China to further streamline administration for market vitality

China to further streamline administration for market vitality

BEIJING - China's State Council, or Cabinet, has pledged to further streamline government administration in a fresh move to reduce government controls and unleash market vitality.

In a plan signed by Premier Li Keqiang, the State Council said it would further slash items subject to government approval and review while improving power delegation, supervision and its service to the public.

A batch of regulatory measures will be announced to standardize the government's exercise of power and its efficiency, as well as to lift burdens on companies in order to clear hurdles for entrepreneurship and innovation, the plan said.

Fighting red tape has taken on extra urgency as growth slows and the economy is steered away from an unsustainable model powered by state investment toward one driven by private consumption and services.

The Chinese economy grew 7.4 percent in 2014, the weakest annual expansion in 24 years. The government has further lowered this year's growth target to approximately 7 percent.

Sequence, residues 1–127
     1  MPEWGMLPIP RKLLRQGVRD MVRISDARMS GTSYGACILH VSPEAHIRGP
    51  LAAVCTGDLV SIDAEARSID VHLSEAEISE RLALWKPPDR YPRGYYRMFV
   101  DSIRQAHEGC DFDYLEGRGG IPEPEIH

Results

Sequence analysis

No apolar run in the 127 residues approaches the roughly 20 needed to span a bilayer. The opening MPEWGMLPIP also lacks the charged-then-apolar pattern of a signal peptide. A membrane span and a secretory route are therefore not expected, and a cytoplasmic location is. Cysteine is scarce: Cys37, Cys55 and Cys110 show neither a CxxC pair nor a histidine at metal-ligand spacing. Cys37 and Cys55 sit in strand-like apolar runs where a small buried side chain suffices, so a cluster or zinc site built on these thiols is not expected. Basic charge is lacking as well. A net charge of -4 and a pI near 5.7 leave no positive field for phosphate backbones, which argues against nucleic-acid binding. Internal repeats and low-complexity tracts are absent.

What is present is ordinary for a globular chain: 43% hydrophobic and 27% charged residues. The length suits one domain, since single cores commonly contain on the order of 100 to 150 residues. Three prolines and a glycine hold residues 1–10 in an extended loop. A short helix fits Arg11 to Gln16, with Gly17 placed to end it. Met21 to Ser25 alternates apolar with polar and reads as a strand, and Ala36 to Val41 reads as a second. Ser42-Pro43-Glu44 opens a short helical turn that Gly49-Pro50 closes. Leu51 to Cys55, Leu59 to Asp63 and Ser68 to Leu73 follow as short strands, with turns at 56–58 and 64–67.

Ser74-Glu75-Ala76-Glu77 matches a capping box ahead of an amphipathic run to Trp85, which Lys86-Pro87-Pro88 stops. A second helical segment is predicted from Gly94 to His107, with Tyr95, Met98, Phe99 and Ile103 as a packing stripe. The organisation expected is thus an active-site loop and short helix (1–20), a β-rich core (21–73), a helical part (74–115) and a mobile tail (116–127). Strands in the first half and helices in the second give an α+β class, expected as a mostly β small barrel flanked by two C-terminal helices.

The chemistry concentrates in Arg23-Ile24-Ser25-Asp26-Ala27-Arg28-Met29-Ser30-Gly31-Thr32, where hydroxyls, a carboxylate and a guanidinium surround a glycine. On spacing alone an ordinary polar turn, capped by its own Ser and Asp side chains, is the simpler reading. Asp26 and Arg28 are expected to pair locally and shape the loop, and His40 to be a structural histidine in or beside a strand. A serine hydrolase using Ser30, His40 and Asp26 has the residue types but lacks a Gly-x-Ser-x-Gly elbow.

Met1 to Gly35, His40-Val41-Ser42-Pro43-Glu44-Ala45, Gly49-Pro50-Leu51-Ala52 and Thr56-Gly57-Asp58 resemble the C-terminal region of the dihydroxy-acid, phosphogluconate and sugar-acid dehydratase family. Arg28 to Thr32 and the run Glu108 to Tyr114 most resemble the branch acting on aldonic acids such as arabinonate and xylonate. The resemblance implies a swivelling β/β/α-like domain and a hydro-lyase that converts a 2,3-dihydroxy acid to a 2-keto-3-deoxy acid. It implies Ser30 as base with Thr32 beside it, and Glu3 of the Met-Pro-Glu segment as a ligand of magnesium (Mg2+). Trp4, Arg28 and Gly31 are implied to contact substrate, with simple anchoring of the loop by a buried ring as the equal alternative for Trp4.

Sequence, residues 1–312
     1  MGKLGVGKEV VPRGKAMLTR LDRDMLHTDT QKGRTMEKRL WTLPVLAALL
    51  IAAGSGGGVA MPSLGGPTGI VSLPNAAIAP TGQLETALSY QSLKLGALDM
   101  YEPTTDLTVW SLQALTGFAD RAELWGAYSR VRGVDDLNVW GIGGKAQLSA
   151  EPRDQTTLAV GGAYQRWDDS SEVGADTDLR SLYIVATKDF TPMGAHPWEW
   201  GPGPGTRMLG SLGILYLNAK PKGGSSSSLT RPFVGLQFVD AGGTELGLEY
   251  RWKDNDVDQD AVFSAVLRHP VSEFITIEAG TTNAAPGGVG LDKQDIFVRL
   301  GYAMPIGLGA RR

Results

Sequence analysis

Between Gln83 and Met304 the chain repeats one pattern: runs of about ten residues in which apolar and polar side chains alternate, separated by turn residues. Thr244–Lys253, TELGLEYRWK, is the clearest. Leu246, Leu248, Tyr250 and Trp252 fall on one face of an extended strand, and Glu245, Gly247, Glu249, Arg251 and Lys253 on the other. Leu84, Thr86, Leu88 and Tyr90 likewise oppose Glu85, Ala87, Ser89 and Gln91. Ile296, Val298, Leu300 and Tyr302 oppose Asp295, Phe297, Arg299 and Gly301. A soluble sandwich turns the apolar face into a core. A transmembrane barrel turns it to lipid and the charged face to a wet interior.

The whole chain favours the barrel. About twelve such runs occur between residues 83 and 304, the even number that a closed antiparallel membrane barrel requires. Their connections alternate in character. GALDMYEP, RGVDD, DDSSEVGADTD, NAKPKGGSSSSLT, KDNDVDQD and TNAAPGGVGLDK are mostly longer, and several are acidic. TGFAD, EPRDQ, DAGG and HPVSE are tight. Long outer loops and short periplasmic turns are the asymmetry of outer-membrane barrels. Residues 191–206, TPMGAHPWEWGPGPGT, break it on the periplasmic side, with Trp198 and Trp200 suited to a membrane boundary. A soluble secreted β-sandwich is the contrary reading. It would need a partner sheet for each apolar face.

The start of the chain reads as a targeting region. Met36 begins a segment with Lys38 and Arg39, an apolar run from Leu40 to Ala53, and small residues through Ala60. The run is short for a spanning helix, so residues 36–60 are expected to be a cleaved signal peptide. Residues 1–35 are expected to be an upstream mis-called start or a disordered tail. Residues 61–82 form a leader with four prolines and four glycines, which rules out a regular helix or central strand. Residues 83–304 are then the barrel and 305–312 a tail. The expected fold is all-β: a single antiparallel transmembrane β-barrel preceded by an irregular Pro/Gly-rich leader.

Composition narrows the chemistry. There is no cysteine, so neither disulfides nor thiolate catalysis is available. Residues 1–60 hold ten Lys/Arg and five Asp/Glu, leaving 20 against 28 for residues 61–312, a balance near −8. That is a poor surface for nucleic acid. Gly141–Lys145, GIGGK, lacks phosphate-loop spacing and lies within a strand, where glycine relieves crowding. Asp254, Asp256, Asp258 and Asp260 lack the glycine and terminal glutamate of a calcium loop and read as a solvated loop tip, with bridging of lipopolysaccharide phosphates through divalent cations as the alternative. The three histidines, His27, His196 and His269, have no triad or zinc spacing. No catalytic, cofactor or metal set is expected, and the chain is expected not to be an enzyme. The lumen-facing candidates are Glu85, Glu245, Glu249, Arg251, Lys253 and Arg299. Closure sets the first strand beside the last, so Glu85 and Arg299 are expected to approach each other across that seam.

Under such circumstances, streamlining government administration and improving power delegation and government regulation could "cultivate a new engine for economic and social development", the work plan read.

In particular, the work plan said the government will further slash 200 administrative review items this year to cut red tape. The central government departments controlled 1,526 approval items in 2013. By the end of 2014, about a third have been canceled or delegated to lower agencies.

In addition, the State Council said it would step up reforms in investment project reviews. Currently, before an investment project is officially approved, a company often needs stamps of approval from more than 30 government departments.

The central government will also advance reforms in professional qualifications, commercial systems and in science, education and other social undertakings, clean up illegal fee collection, and promote public supervision over the government, the work plan said, urging authorities to publish reform timetables and roadmaps and strengthen coordination in the reform drive.